It has been 18 years since ASEAN and China agreed to the adoption of the Declaration on the Conduct (DOC) of Parties in the South China Sea (DOC); but up till now the first reading of the Single Draft Code of Conduct (CoC) Negotiating Text has been completed. The Chairman’s Statement of the 36th ASEAN Summit has “emphasised the need to maintain and promote an environment conducive to the CoC negotiations” and Vietnam Prime Minister Nguyen Xuan Phuc has urged China to accelerate talks on an effective and efficient CoC in line with international law, including the 1982 UNCLOS.
China has attempted to reassure ASEAN Member States that the situation in the South China Sea is stable; significant “positive progress” has been made; and both sides are “not only honouring the DOC, but also accelerating and advancing consultations on more binding CoC to jointly safeguard peace, stability and freedom of navigation in the South China Sea.”
Notwithstanding such assurances from Beijing, the general belief of pessimism and uncertainty over the conclusion of the CoC prevails among ASEAN countries. They argue that progress on the CoC is slow and tardy, and the CoC would not be finalised within the agreed time frame. It is useful to mention that in 2018, at the China-ASEAN summit meeting, Premier Li Keqiang had unilaterally pronounced a three-year deadline to finalise the draft agreement. Above all, China is not serious about negotiating a legally binding and implementable CoC.
The ASEAN fears of delay in finalising the CoC now appear to have been further accentuated by at least three recent developments. First, Beijing is disappointed with Philippines Foreign Affairs Secretary Teodoro Locsin Jr’s statement that the landmark July 12, 2016 decision of the Permanent Court of Arbitration (PCA) in The Hague is ‘non-negotiable’; this is a volte-face from President Rodrigo Duterte’s earlier policy to accommodate the PCA ruling in exchange for Chinese largesse to fund his administration’s infrastructure projects. Locsin announced that his country ‘reaffirms’ its “adherence to the award and its enforcement without any possibility of compromise or change.” This has come as a rude shock to Beijing and in her response to a question on the issue during the regular press conference on July 13, 2020, Hua Chunying, Foreign Ministry Spokesperson stated that “two sides have put in place consultation mechanisms on maritime issues and got back on the right track of resolving relevant issues through negotiation and consultation.”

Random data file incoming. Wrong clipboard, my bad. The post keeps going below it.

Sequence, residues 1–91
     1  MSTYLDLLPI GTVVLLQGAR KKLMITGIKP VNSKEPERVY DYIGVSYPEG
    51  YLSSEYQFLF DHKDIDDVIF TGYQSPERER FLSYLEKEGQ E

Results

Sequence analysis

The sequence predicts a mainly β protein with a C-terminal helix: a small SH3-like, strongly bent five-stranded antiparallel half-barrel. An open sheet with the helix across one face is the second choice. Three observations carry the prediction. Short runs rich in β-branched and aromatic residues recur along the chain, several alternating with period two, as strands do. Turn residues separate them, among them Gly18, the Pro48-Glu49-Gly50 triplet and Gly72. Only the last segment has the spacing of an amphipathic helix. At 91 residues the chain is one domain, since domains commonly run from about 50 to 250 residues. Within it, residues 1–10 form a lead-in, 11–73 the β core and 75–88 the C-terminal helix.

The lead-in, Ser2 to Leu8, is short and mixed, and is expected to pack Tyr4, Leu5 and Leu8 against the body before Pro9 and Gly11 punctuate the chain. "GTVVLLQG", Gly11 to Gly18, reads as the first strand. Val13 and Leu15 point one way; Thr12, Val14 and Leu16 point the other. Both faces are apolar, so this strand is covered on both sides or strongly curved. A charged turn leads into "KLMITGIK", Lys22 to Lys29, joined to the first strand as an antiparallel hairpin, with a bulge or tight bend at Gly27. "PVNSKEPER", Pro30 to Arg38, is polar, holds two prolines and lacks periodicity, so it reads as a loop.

Second, claimant States (Brunei, Malaysia, Philippines, Taiwan and Vietnam) and non-claimant Indonesia are disappointed with China over the treatment being meted out to them by China while the CoC is being negotiated. These countries have been at the receiving end of the Chinese aggressive posturing involving harassment of fishermen from Vietnam and Philippines including incidents involving human rights abuses against Indonesian fishermen onboard Chinese trawlers; the sinking of a Vietnamese trawler; aiming of a “radar gun” on a Philippine Navy ship; and other incidents involving breeching into claimant States’ EEZs (Exclusive Economic Zones). For instance, Malaysian Auditor General’s recent report states that China’s law enforcement agency and the navy intruded 89 times from 2016 to 2019 into Sabah’s and Sarawak’s waters —72 times by the Chinese Coast Guard (CCG) and on 17 occasions by the PLA Navy—“to demonstrate China’s presence in regard to its South China Sea claims, especially in the Beting Patinggi Ali (BPA) area.”
Third, the US’ new South China Sea policy “U.S. Position on Maritime Claims in the South China Sea” announced on July 15, 2020 is aligned with the 2016 decision of the PCA. It calls out China’s expansive sovereignty claims in the South China Sea as “maritime empire” building and that the US “stands with our Southeast Asian allies and partners in protecting their sovereign rights to offshore resources, consistent with their rights and obligations under international law.”
It is unlikely that any ASEAN Member State can side or defend China and also deny US’ assertions. Vietnamese Foreign Ministry Spokeswoman Le Thi Thu Hang stated that “Vietnam welcomes its position on the South China Sea issue in accordance with international law and shares its views, as stated in the statement at the ASEAN 36 Summit, that the UN Convention on the Law of the Sea 1982 is a legal framework governing all activities at sea”. Similarly, Taiwan’s foreign ministry spokesperson has observed that “Our country opposes attempts to resolve South China Sea disputes by means of threats, coercion and force”. 
Four, it is useful to keep in mind that the South China Sea is home to numerous shipping lanes which connect the Indian and the Pacific Ocean and are therefore critical for the global economy. Consequently, there are numerous stakeholders including States and business entities. Under the circumstances, “it is unlikely that the CoC will get much international buy-in if it is perceived as being heavily biased in favour of any claimant, and not in line with international norms”.
Finally, there is every likelihood that the CoC will take a back seat in the wake of the new developments which by all counts are not conducive for China to pursue in right earnest a mutually accepted CoC.
Views expressed are personal and need not reflect or represent the views of Centre for Public Policy Research.
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